7. As much as I hate to admit it, there's a lot of truth to the "He's all about speeches, not ideas" critique.
This is similar to #6, but broader. In other words, even beyond policy, what has he ever said about anything that's so exciting or original?
This is another point I've been resisting for months and months, but I couldn't deny the basic truth that Robert Wright -- another skeptical Obama supporter -- hit on here (transcript of key point followed by video clip):
If you are a great orator ... and you don't use your skills to surprise people or stake out a position that's a little risky and really do the work of convincing people that that's the right position -- if you take your great oratorical skills and just keep repeating "I'm a uniter, not a divider," plus several boilerplate predictions that are totally poll-driven -- you look like an empty suit!
(end of quote -- back to me...) It's getting clearer and clearer that what has gotten him so much attention and adoration despite his inexperience is not his ideas or policies or even his life story. It's two things: he's black, and he can give a great speech. If you took those two things away, it'd be inconceivable that he'd be chosen over Biden, Richardson, or Dodd, let alone Hillary Clinton. I'm not complaining about the focus on his race -- I think it's really important to have the first black president. And I'm glad he gives a great speech. But look, fellow Obama supporters: that's not really enough, is it, considering the crisis America is in right now?
Many commenters on my previous post complained that if I'm going to make all these anti-Obama points, I shouldn't turn around and vote for him. Well, there's a difference between whether to vote for him, and whether the excitement surrounding him has been justified. None of the points I'm making in this list convince me to vote for McCain instead of Obama. But at the same time, I think it's worth pointing out that it's really hard to see the justification for the unprecedented level of excitement around the guy -- which I myself participated in.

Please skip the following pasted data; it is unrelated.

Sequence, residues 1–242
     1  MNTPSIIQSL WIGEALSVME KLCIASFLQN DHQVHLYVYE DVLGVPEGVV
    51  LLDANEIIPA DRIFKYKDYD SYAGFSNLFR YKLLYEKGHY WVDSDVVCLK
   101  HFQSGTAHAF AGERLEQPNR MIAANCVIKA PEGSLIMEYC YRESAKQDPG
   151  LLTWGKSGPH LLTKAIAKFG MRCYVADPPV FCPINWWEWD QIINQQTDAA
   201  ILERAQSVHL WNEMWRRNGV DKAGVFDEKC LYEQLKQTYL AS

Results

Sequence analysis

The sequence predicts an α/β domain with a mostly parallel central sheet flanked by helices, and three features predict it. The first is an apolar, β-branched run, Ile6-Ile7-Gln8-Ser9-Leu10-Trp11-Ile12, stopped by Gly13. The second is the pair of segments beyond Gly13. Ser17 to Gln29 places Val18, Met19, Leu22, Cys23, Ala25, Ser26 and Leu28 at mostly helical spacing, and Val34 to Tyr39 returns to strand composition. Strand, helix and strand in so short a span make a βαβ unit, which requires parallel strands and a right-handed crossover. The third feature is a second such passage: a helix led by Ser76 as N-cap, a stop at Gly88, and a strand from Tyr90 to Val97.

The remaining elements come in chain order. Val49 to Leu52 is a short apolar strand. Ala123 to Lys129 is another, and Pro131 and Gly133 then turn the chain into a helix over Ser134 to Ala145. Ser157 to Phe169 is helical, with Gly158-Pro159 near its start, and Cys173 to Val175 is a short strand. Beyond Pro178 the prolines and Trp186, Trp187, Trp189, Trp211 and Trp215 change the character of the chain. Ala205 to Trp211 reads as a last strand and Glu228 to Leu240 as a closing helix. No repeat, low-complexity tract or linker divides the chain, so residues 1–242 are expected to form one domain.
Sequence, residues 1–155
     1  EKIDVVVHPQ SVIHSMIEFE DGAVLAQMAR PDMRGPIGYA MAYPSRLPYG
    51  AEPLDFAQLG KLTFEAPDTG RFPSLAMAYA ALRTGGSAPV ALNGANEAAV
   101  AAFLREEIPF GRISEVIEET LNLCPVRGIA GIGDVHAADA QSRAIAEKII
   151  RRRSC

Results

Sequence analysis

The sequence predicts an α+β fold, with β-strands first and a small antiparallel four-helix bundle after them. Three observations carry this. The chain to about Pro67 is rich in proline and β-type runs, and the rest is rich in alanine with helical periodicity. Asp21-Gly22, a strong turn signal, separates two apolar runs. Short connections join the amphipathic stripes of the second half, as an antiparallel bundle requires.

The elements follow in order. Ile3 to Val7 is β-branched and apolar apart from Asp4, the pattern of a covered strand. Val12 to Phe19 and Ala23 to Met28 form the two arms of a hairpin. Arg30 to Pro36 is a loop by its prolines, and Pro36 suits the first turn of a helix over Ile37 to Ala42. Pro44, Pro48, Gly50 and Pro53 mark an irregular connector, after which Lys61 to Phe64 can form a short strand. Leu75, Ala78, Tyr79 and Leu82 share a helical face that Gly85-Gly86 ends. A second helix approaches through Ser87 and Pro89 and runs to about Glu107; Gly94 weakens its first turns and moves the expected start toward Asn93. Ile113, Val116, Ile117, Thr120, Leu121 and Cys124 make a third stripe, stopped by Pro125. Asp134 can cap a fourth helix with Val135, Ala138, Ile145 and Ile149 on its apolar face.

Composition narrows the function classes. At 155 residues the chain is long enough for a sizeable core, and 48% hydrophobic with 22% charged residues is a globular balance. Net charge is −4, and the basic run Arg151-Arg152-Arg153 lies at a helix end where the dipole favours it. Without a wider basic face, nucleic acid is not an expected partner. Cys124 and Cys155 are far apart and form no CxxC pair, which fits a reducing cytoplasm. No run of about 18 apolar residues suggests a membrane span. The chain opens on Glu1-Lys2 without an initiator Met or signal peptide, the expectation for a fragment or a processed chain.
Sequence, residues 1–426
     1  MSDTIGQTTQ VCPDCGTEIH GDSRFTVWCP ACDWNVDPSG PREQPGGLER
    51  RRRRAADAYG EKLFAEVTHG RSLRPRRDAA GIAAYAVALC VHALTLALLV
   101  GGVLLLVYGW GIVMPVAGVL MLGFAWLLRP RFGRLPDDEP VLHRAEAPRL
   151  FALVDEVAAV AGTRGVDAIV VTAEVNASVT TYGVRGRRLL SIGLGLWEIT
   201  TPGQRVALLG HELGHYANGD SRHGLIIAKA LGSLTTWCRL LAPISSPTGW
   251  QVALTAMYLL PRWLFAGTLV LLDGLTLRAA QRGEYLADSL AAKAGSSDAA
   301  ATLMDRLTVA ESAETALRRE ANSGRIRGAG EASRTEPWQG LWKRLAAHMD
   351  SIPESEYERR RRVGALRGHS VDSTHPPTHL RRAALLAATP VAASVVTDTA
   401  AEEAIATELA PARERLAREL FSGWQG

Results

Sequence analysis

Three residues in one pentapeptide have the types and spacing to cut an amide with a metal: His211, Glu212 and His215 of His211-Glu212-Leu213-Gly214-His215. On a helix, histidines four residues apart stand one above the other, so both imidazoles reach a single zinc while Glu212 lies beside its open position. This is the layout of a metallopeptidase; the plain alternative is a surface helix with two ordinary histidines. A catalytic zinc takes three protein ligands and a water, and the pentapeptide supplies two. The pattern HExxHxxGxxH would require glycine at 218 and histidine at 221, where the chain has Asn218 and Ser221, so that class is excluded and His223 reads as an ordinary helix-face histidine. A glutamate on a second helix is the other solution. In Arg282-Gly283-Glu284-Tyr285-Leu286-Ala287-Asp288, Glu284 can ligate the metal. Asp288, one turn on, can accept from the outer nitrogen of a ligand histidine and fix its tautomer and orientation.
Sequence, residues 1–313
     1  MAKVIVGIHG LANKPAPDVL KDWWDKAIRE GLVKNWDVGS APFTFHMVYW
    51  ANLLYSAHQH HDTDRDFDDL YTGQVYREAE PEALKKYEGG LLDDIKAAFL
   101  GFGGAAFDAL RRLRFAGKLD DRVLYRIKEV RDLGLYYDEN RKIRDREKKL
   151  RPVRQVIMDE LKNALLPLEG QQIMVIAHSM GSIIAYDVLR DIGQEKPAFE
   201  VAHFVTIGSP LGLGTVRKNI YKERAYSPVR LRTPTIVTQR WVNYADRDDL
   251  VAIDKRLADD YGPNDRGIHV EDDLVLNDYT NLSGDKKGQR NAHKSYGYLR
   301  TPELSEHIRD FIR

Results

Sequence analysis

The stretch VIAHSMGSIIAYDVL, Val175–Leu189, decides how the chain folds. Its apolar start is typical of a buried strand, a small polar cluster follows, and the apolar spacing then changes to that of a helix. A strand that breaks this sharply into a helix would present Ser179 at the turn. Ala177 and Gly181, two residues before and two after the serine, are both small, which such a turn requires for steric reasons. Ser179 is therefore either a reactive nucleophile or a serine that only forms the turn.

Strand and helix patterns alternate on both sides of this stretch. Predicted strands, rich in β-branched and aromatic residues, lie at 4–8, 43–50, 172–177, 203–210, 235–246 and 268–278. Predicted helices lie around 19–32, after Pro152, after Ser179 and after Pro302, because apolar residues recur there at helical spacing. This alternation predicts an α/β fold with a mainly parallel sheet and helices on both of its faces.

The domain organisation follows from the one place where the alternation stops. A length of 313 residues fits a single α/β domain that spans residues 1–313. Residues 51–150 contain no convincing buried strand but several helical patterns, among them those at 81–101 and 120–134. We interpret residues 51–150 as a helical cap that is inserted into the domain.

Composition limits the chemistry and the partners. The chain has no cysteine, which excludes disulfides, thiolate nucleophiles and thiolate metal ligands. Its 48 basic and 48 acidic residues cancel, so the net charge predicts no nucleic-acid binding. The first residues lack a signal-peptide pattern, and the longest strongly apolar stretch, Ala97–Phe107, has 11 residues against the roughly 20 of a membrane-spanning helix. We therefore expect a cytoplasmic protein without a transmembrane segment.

8. His take on race has been disappointing.
I largely agreed with the praise showered on his race speech. But it was pointlessly overshadowed by the famous passage in which he criticized his own grandmother for fearing black men on the street -- the implication being: even basically decent people have some racism in their hearts.
The problem is: whether or not you think Jesse Jackson and others are racist to feel relieved if the person towards them down a dark street turns out to be white, the fact is that many Americans do feel this way and don't consider themselves racist, anymore than they'd consider it sexist to feel relieved upon seeing that the person walking towards them turns out to be a woman. It's fine with me if Obama privately thinks otherwise, but that doesn't make it a productive thing for him to say when he's running for president.
Of course, the fact that he later tried to clarify that part of the speech by explaining that his grandmother was being a "typical white person" only compounded the problem.
Another example: when he was asked at a debate whether he, as the son of a Kenyan immigrant, has had to deal with the problems facing most black Americans, he jocosely mentioned "trying to catch a cab," then pointedly cut himself off as if to say to the audience: Now, doesn't that just about say it all? Of course, this got enormous applause. First of all, if that's one of the worst problems facing blacks in America, given our racial history, then we should all be overjoyed. Second, this image conjures up an affluent man standing around in NYC, waiting for a driver who -- let's face it -- is quite likely a minority and/or an immigrant trying to make ends meet. That's not exactly a crystal-clear symbol of everyday black people being thwarted by The Man.
UPDATE: Concluded here.